Mead worked with major studios on the feature films: Star Trek: The Motion Picture, Blade Runner, Tron, 2010, Short Circuit, Aliens, The Spirit of '76, Timecop, Johnny Mnemonic, Mission: Impossible III, Elysium, Tomorrowland and Blade Runner 2049.[3][14] George Lucas created the AT-AT for his Star Wars saga based on art by Mead.[15] Mead also contributed to the Japanese film Solar Crisis. In the 1990s, Mead supplied designs for two Japanese anime series, Turn A Gundam and the unfinished Yamato 2520.[14]

In May 2007, he completed work on a documentary of his career with the director Joaquin Montalvan entitled Visual Futurist:The Art & Life of Syd Mead. The short 2008 documentary film 2019: A Future Imagined, also explored his works. Mead also appears in movie documentaries such as Dangerous Days: Making Blade Runner and Mark Kermode's On the Edge of Blade Runner, and promotional materials such as the DVD extra for Aliens and a promotional short film about the making of 2010.[16]

Personal life[edit]

Mead was in a personal relationship with partner Roger Servick; the couple married in 2016.[17] They established a publishing extension, OBLAGON, Inc., in Hollywood[18] and relocated in 1998 to Pasadena, California, where Mead continued to work.[19]


On December 30, 2019, Mead died in his Pasadena home at age 86, after three years of lymphoma.[6][20] Shortly after his death, tributes to Mead's life were posted on Twitter.[4]

Gallery of works[edit]

See also[edit]


  1. ^ "Syd Mead: 'Pivotal' Blade Runner designer dies". BBC. December 30, 2019. Retrieved December 31, 2019.
  2. ^ Inkpot Award
  3. ^ a b Fowler, Matt (December 30, 2019). "Syd Mead, Artist Behind Blade Runner, Dies". IGN. Retrieved December 31, 2019.
  4. ^ a b c Bicks, Emily (December 30, 2019). "Syd Mead Dead: 'Star Trek' & 'Blade Runner' Visual Futurist Dies at 86". Heavy. Retrieved December 31, 2019.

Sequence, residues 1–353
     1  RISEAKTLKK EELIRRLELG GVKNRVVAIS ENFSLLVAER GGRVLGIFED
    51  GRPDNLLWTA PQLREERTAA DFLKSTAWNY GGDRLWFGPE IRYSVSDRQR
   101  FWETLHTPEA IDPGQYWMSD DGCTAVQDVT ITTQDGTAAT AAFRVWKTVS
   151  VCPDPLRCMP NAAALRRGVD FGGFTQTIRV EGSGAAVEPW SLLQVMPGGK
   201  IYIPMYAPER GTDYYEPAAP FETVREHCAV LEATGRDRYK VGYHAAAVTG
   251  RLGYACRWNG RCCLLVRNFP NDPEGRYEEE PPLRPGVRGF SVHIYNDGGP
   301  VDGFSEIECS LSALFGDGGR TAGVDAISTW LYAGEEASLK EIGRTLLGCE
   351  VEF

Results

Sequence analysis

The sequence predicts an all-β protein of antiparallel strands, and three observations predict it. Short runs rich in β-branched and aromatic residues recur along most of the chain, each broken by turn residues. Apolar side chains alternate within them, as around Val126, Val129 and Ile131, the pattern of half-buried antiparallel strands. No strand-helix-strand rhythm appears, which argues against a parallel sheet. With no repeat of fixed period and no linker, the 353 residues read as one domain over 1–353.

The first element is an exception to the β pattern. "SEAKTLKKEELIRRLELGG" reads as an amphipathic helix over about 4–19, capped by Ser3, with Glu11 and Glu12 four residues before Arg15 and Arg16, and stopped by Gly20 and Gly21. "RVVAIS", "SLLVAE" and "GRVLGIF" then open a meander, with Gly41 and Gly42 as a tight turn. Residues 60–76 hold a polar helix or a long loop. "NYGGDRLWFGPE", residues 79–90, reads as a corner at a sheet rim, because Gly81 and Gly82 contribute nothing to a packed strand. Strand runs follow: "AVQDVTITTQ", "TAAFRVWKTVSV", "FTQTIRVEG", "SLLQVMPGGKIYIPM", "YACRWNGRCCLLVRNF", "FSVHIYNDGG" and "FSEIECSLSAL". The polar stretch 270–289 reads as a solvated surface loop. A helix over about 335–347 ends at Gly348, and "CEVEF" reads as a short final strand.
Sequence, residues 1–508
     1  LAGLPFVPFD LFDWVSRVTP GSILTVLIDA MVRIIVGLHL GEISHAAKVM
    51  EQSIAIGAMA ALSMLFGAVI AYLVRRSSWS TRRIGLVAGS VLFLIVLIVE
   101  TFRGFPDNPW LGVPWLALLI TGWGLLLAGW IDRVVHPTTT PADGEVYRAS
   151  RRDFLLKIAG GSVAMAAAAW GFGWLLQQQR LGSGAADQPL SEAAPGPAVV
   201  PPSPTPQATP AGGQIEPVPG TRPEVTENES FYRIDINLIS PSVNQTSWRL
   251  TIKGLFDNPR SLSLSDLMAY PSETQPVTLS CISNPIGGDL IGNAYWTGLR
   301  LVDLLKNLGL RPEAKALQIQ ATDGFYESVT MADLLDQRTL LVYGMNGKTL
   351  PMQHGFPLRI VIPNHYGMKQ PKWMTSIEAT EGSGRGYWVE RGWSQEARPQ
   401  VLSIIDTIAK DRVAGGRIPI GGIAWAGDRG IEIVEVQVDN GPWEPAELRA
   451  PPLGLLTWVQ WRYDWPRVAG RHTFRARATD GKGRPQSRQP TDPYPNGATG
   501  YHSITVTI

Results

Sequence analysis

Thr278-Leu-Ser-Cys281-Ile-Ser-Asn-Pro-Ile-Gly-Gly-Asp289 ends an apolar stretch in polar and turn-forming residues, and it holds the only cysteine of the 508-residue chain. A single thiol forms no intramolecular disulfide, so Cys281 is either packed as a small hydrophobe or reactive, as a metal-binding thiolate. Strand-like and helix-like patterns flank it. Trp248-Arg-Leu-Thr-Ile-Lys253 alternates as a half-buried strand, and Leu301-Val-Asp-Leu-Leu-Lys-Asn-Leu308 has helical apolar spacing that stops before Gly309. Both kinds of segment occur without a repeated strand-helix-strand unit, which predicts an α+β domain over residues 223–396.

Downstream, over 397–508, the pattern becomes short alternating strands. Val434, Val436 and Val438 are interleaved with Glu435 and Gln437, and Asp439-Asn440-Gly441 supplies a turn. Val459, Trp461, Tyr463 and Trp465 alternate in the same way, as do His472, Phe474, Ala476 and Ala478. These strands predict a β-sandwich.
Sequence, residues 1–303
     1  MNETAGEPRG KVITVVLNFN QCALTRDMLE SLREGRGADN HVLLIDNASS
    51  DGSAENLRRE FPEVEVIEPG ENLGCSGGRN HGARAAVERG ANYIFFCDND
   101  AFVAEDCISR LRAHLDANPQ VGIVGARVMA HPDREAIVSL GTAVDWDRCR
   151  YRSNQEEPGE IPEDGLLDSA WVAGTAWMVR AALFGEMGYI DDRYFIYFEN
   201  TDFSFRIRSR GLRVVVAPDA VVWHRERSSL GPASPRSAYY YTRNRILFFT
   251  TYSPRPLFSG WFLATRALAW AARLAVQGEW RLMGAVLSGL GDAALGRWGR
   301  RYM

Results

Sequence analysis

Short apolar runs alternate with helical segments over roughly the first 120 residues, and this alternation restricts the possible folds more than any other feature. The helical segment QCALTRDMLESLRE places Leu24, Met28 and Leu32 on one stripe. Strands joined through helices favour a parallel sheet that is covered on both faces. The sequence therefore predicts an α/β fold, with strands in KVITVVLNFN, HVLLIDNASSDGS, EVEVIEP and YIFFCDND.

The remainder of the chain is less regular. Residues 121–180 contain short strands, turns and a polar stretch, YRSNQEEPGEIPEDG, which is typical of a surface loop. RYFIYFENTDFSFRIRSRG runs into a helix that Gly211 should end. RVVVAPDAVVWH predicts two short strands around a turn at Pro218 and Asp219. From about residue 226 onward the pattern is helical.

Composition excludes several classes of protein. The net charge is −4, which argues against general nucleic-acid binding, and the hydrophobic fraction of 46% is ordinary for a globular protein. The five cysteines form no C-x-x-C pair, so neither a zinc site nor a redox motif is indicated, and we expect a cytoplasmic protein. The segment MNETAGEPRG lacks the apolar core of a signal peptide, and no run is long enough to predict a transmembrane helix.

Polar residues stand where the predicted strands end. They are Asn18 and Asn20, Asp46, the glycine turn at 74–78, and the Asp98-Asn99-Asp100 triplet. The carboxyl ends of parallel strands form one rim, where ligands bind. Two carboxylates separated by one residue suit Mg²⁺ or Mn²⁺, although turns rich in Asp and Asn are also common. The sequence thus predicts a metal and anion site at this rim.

5. ^ Sisson, Patrick (December 30, 2019). "Goodbye Syd Mead: A conversation with the artist who illustrated the urban future". Curbed. Archived from the original on November 2, 2019. Retrieved December 31, 2019.
  6. ^ a b c Kilkenny, Katie (December 30, 2019). "Syd Mead, Visionary Conceptual Artist Behind 'Blade Runner' and 'Tron', Dies at 86". Hollywood Reporter. Retrieved December 31, 2019.
  7. ^ a b c d "Syd Mead Futurist: Biography". Archived from the original on April 6, 2010. Retrieved June 7, 2010.
  8. ^ Moon, Mariella (December 30, 2019). "Syd Mead, concept artist behind 'Blade Runner' and 'Tron,' dies at 86". EnGadget. Retrieved December 31, 2019.
  9. ^ "Syd Mead - Visual Futurist and Concept Artist". Carnegie Council. September 2, 2017. Retrieved December 31, 2019.
  10. ^ LaBarre, Suzanne (September 27, 2010). "Almost Genius: Futuristic Food Court by Blade Runner's Set Designer, Syd Mead". Fast Company. Retrieved December 31, 2019.
  11. ^ a b Warren, Tamara (May 24, 2012). "New Exhibition: Syd Mead". Forbes. Retrieved December 31, 2019.
  12. ^ Pedersen, Erik (December 30, 2019). "Syd Mead Dies: Visionary Futurist Who Worked On 'Blade Runner' & 'Tron' Was 86". Deadline. Retrieved December 31, 2019.
  13. ^ Cathcart, Rebecca (May 22, 2008). "Borrowing an idea from Los Angeles". New York Times. Retrieved July 20, 2011.
  14. ^ a b Burton, Bonnie (December 30, 2019). "Syd Mead, sci-fi visual artist known for Blade Runner and Tron, dies at 86". CNet. Retrieved December 31, 2019.
  15. ^ Lamble, Ryan (June 1, 2017). "Star Wars: The Surprising Origins of the AT-AT". Den of Geek. Retrieved December 31, 2019.
  16. ^ "Blu-ray Review: 2010 | High-Def Digest". Retrieved July 20, 2011.
  17. ^ Wheat, Lorraine (December 30, 2019). "Syd Mead, Visionary 'Blade Runner' Artist and Futurist, Dies at 86". Variety. Retrieved January 2, 2020.
  18. ^ Wax, Roxana (May 14, 2017). "Syd Mead – The Master". Graphicine. Archived from the original on March 3, 2018. Retrieved January 2, 2020.
  19. ^ "Biography". Archived from the original on January 2, 2020. Retrieved January 2, 2020.
  20. ^ Garvey, Marianne (December 31, 2019). "Syd Mead, the visual artist behind 'Blade Runner' dies at 86". CNN. Retrieved January 2, 2020.

External links[edit]